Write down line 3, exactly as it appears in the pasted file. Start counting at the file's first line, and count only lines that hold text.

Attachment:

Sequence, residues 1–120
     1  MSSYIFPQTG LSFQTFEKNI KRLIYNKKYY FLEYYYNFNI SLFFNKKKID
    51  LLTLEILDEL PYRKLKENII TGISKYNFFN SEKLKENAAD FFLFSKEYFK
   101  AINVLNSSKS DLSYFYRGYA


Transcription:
    51  LLTLEILDEL PYRKLKENII TGISKYNFFN SEKLKENAAD FFLFSKEYFK